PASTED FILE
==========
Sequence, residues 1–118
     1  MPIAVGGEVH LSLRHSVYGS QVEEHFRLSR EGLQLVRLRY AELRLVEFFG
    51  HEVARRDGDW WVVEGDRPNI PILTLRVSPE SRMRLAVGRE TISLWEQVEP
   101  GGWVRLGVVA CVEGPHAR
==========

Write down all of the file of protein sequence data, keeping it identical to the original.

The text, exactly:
Sequence, residues 1–118
     1  MPIAVGGEVH LSLRHSVYGS QVEEHFRLSR EGLQLVRLRY AELRLVEFFG
    51  HEVARRDGDW WVVEGDRPNI PILTLRVSPE SRMRLAVGRE TISLWEQVEP
   101  GGWVRLGVVA CVEGPHAR